Reading for pleasure
This month's selection of leisure reading, chosen by the Journal's book review editor
The Girl Who Wasn't There
Ferdinand von Schirach (Little Brown: £12.99; e-book £9.09)
Ferdinand von Schirach wrote the superb Collini Case, which was published to acclaim in September 2012. This book is equally worthy of high praise and is a superb read.
Sebastian von Eschburg has a dreadful childhood in a large lonely house. However, as we follow his early years, he becomes one of Germany's most celebrated conceptual artists, creating images of women that are at times disturbing; at others, installation art of a kind that is simply prophetic. He finds himself charged with murder, although only a dress is recovered. The woman who rented space in the building which houses his studio cannot be traced. The investigation begins and there is a clear suggestion of impropriety by the police. The trial takes place and von Schirach, one of Berlin's best known defence lawyers, writes superbly and forensically of the evidence – or is it? To say more would spoil the story. However the writing is clear, engaging and utterly compelling.
For those who follow case law of the European Court of Human Rights, one can see shades of Gäfgen v Germany, a decision of the Grand Chamber of 1 June 2010, where "the applicant alleged that the treatment to which he had been subjected during police interrogation concerning the whereabouts of a boy, J, on 1 October 2002 constituted torture prohibited by article 3 of the Convention". A riveting, intelligent, thoughtful read, most enjoyed perhaps at one sitting.
The Churchill Secret KBO
Jonathan Smith (Abacus: £9.99; e-book £4.49)
This is an immensely enjoyable book of the reimagined events within Chartwell, when Churchill found himself having suffered a stroke while his Foreign Secretary, and anxious successor, Anthony Eden, was flown to the United States for surgery in the summer of 1953.
The author shows us the anxiety and concerns of both the formidable Lady Churchill and of the great leader himself about whether this would see him off. There is a small but lively cast of characters, from Lord Moran, Churchill's personal physician, to his private secretary, to caustic Sir Jock Colville. The tensions between the politics and the medical reality are laid bare. However, the ability of the press to be aware of, but report nothing of, the illness and the concerns of who was running the country – or might in future – is of times long past.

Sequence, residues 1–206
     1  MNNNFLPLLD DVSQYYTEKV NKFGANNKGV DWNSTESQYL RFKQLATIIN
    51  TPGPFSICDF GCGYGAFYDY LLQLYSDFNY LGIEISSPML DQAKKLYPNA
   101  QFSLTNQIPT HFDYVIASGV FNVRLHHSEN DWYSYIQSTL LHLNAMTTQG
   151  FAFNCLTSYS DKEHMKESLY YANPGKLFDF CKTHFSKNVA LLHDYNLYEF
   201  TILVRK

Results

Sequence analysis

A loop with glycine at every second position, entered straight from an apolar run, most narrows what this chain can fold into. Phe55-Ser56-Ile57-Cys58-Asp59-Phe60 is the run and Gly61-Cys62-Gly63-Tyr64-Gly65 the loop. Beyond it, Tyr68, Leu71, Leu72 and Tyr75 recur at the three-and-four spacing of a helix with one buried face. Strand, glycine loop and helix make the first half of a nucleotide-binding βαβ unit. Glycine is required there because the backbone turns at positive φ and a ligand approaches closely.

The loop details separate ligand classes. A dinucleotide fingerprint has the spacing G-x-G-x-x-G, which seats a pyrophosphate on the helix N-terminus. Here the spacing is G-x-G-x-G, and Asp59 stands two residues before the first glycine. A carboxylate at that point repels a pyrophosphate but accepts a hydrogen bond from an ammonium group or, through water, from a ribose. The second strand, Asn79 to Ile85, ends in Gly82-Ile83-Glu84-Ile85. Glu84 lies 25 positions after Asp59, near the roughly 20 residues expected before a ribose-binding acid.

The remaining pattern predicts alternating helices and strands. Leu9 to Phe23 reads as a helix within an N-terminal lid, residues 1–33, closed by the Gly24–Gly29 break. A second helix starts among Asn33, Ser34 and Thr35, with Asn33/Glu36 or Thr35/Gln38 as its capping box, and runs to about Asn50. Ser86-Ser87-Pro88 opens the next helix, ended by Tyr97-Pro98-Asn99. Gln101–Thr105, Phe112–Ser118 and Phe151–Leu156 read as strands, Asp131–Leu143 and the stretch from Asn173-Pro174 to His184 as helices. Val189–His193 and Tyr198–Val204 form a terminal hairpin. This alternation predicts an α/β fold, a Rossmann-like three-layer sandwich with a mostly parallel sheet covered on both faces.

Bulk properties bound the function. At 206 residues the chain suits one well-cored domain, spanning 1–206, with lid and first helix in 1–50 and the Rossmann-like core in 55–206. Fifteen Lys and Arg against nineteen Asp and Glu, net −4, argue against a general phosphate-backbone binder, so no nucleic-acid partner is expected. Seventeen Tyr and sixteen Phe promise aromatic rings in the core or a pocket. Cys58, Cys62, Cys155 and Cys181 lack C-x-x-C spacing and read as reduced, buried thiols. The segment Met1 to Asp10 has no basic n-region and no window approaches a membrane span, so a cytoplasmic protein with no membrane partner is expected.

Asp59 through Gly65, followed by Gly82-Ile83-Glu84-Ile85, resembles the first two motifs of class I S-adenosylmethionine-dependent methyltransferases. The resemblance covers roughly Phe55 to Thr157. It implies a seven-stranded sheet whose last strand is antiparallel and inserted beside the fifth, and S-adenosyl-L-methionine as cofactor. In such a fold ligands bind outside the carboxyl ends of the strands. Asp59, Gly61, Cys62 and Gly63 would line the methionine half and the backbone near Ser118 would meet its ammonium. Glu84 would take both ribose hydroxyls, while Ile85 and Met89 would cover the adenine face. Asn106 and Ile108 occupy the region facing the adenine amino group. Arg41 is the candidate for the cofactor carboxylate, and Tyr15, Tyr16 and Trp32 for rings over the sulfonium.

The author captures the spirit of Churchill – cantankerous, witty, a polymath, a gentle bear, beautifully. One almost feels as if one is standing in the room. Topping it all is Churchill's nurse, who with care and forbearance nurses the great man back to health and simply slips away back into her daily routine, unfazed but content with her secret. A joy to read.
The Alphabet of Birds
S J Naudé (And Other Stories: £10)
There is much fine writing coming out of post-apartheid South Africa. The appearance of much of that is down to publishers And Other Stories, a not-for-profit, community interest company. Sign up and you too could be namechecked in a future book.
If that book were to be anything like as fine as Naudé’s collection of short stories, you would be proud to have the association. Naudé was lawyer who practised in London and the USA before returning home to do a Masters degree in creative writing. While this book is his first published work, it is clear he has been practising his craft for many years: this is no novice work.
We start in the surreal setting of a Milanese mansion so luxurious it is hidden within an industrial complex, the drama focusing on the last known futurist noise machine. Other settings include a semi-ruined castle in Bavaria, and a scene of domestic misery overlooking an indoor ski slope in Dubai. The links and the contrasts between Naudé’s backdrops, and the characters and their actings, are some of the book’s most striking features.
Prospective readers should be warned about the bleakness of the world they are about to enter. Think Leonard Cohen without the "Hallelujah", think Naudé. Your brain will have images emblazoned on it for some time to come. On occasions he overdoes the dark. Why read “Mother’s Quartet” when you could simply slit your wrists without paying the price of the book? But that is the exception. Your senses are assaulted: sometimes by the characters (the charismatic Joschka from “A Master from Germany”, or the almost insanely saintly Sandrien from “Van”); at other times by the sight or smell of the landscapes.
Lyrical, powerful and intensely moving. You will not readily forget this book.